5. L'ex-président a salué l'allocution la veille du président Bush, estimant qu'il avait apporté «l'explication la plus claire» de la crise financière que son administration ait donnée. Pour en lire plus...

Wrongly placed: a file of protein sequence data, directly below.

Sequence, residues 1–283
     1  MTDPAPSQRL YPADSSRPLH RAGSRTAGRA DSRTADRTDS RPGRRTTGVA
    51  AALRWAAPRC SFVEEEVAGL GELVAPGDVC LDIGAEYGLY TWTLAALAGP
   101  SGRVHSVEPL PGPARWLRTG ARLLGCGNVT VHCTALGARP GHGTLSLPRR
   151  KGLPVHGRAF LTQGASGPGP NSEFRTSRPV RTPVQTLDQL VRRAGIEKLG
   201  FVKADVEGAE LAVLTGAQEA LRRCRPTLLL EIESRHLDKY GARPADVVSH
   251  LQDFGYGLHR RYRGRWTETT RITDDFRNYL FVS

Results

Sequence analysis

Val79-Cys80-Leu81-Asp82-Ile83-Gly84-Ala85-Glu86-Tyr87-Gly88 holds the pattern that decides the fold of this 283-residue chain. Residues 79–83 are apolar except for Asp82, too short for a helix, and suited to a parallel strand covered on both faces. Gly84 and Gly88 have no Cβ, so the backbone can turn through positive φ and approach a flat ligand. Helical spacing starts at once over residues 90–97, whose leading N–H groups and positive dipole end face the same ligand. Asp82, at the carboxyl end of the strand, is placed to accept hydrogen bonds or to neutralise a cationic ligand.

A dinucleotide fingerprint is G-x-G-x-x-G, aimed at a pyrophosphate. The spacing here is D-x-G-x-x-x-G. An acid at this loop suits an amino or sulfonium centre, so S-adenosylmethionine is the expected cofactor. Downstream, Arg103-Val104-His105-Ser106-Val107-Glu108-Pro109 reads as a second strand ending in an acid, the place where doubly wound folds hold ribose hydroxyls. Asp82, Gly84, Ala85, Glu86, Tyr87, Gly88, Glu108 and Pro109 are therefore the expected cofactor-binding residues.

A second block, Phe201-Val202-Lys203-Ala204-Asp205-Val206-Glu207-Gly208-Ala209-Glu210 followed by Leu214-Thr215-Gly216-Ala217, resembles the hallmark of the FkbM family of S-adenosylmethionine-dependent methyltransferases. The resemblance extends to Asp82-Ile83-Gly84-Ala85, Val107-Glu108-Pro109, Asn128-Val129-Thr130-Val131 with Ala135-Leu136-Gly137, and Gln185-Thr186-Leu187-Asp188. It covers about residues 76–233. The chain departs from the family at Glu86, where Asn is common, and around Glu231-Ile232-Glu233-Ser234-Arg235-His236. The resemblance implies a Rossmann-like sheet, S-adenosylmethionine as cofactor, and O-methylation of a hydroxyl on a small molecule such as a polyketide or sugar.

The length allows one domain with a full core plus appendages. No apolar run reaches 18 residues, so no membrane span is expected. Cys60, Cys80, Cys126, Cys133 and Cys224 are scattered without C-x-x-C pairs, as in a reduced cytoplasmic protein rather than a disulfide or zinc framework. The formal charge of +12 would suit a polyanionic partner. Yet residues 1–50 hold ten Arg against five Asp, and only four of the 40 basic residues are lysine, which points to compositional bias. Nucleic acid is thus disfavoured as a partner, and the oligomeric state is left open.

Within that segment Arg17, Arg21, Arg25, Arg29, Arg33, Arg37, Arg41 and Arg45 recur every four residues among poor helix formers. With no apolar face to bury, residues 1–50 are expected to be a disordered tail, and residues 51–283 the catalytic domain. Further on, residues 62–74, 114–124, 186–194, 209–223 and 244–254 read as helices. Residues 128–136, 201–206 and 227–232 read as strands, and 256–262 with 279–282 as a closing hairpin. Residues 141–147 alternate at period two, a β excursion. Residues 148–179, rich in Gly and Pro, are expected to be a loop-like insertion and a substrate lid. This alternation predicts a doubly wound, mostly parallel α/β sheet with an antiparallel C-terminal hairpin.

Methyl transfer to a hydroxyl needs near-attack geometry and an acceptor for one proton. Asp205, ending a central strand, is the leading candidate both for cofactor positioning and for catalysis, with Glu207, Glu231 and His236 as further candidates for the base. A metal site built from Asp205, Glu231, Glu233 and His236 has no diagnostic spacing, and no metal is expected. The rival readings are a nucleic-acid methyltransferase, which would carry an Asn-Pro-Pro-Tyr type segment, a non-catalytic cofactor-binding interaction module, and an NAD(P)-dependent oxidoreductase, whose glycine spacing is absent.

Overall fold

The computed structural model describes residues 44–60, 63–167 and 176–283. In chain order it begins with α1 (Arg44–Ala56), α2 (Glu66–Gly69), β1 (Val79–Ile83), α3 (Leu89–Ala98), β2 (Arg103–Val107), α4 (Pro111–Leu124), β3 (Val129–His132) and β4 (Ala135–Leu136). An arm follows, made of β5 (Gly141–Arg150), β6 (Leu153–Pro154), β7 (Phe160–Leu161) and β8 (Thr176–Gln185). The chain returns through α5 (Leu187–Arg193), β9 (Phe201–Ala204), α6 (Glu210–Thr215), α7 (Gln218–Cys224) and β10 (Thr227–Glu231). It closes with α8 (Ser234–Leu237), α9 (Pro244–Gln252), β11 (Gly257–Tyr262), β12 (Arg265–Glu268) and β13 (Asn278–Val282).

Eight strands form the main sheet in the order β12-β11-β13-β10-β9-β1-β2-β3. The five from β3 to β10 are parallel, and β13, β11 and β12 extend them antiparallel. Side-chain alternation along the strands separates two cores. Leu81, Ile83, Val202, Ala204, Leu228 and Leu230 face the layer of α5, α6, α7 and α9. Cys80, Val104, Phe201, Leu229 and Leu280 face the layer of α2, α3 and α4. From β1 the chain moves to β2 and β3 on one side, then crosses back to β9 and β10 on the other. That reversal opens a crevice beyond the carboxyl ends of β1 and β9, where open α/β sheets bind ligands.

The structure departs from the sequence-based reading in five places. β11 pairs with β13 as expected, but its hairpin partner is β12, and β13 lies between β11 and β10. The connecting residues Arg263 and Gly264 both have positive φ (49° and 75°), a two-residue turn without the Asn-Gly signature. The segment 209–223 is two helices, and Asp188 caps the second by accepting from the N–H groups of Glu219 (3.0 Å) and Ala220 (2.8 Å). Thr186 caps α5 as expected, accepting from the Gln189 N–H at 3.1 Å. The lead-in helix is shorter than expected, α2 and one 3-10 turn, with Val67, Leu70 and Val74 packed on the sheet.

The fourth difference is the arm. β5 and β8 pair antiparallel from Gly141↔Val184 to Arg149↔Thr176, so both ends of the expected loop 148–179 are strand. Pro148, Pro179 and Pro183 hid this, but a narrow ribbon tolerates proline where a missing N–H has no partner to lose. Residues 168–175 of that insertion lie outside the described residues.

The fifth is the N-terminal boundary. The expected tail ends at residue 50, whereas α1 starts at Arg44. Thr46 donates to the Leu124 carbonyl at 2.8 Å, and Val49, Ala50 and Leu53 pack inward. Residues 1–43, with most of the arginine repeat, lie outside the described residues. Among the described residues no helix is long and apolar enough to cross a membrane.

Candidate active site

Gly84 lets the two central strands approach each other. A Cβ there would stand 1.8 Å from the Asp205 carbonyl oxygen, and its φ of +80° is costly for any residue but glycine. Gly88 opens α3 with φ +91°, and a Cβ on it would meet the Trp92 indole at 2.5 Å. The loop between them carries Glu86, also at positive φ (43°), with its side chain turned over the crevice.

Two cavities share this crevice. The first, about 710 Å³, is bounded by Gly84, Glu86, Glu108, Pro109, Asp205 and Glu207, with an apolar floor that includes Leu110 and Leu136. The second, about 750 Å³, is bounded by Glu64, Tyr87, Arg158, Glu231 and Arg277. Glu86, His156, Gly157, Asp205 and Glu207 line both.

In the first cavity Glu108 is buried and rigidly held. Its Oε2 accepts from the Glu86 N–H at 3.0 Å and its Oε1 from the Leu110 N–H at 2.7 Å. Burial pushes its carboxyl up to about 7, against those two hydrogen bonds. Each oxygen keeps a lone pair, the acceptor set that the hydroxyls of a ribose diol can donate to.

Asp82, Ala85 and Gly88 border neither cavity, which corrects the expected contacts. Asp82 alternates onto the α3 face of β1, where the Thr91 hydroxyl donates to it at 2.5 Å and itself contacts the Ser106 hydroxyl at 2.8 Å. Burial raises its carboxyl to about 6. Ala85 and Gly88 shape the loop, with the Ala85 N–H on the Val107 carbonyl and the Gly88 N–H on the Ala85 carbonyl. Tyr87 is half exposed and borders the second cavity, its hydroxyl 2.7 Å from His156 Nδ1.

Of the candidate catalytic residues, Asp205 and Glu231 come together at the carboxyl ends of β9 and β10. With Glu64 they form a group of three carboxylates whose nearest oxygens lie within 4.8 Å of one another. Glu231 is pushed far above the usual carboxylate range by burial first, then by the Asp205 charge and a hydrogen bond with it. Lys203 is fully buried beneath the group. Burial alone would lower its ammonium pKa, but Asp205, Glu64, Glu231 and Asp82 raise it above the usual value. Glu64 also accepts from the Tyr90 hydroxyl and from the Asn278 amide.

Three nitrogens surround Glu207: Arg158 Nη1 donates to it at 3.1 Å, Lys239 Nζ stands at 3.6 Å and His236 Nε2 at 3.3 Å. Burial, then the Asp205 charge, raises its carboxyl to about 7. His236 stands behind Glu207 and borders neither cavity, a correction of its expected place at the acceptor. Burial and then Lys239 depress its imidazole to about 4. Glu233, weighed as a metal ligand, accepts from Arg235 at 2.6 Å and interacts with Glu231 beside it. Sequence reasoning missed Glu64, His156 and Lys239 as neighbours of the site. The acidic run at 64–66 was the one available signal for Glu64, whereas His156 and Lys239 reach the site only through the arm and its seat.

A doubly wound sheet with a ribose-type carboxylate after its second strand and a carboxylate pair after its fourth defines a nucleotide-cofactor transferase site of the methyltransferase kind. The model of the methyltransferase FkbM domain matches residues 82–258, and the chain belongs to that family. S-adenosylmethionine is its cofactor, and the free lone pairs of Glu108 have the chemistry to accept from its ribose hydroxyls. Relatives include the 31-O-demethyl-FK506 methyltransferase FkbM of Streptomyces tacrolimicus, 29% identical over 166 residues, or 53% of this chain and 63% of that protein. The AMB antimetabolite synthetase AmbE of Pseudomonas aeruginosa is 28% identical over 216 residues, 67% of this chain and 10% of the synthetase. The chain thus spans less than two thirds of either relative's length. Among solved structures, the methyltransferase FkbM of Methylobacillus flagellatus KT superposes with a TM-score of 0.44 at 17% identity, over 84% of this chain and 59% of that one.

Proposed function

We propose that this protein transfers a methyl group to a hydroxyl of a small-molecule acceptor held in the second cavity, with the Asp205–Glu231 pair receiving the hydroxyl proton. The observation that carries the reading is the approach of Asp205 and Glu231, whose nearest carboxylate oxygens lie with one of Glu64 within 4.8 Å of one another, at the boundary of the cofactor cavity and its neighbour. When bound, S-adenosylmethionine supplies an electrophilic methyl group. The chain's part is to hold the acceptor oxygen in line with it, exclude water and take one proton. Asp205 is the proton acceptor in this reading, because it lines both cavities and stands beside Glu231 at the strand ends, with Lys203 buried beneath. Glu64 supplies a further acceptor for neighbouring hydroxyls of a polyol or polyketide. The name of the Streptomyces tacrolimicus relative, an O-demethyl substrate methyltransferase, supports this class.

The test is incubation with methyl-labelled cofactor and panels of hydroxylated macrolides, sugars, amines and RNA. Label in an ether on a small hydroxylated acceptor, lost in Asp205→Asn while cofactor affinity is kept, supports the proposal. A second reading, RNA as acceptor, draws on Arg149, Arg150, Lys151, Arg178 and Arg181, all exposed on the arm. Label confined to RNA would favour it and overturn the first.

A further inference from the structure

6. Publié le 15 octobre 2008 à 20h52 | Mis à jour le 15 octobre 2008 à 20h57 Bush aurait dû être destitué, estime Donald Trump Agence France-Presse Washington Le président américain George W. Bush aurait dû être destitué pour avoir menti au pays à propos de l'Irak, a estimé mercredi le milliardaire Donald Trump, pourtant ardent défenseur du parti républicain. Lors d'un entretien avec la chaîne de télévision CNN, M. Trump s'est dit surpris que les démocrates n'aient pas engagé de procédure de destitution à l'encontre du président après avoir obtenu la majorité au Congrès en 2006. «C'aurait été une chose merveilleuse», a déclaré le magnat de l'immobilier, qui ne pardonne pas au président les raisons qu'il a avancées pour justifier l'invasion de l'Irak en 2003. «Il a menti. Il nous a mis en guerre sur des mensonges», a martelé Donald Trump, 62 ans. L'homme d'affaires a fait le rapprochement avec le scandale Monica Lewinsky, la jeune femme avec qui le prédécesseur de M. Bush, Bill Clinton, a eu une liaison qui a failli lui coûter la Maison Blanche en 1999. «Regardez tous les problèmes que Bill Clinton a eus pour une chose sans aucune importance. Ils ont tenté de le destituer, ce qui était ridicule», a asséné M. Trump. «Et Bush nous a engagés dans cette horrible guerre avec des mensonges, en racontant qu'il y avait des armes de destruction massive et des tas d'autres choses qui se sont avérées fausses», a-t-il lancé. A propos de la campagne en cours pour la Maison Blanche, M. Trump n'en a pas moins fait part de son soutien au candidat républicain John McCain «C'est un type très malin, c'est un dur. Je pense qu'il ferait un grand président (...) et qu'il peut gagner», a-t-il ajouté, alors que M. McCain est distancé dans les sondages par son rival démocrate Barack Obama. Donald Trump, qui a hérité d'un empire immobilier, a donné son nom à une compagnie aérienne, des casinos, des hôtels, des stations balnéaires et à son gratte-ciel new-yorkais.